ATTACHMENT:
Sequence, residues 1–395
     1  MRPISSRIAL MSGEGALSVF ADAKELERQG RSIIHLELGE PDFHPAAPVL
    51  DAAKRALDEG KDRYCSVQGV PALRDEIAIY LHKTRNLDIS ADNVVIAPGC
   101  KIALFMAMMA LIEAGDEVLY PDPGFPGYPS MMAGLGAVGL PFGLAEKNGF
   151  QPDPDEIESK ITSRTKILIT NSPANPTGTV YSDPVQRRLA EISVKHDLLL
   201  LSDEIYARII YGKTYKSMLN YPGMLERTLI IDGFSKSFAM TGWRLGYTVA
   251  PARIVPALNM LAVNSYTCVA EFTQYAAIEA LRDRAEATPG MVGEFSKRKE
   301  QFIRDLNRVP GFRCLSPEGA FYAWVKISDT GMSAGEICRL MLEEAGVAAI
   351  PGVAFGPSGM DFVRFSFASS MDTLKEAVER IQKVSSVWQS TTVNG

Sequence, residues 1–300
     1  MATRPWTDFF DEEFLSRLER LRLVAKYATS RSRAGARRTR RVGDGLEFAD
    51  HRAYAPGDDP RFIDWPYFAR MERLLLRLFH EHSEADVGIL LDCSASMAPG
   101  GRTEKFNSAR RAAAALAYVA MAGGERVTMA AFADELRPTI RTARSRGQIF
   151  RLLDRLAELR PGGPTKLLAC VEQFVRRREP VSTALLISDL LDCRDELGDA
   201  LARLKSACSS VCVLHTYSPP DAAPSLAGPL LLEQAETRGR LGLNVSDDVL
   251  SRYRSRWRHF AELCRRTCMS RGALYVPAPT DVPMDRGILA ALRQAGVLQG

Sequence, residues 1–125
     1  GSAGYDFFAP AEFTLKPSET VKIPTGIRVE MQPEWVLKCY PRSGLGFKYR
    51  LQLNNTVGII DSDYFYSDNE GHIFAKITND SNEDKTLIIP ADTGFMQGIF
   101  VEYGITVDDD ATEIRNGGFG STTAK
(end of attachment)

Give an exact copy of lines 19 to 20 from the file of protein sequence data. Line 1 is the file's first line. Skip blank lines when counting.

    51  LQLNNTVGII DSDYFYSDNE GHIFAKITND SNEDKTLIIP ADTGFMQGIF
   101  VEYGITVDDD ATEIRNGGFG STTAK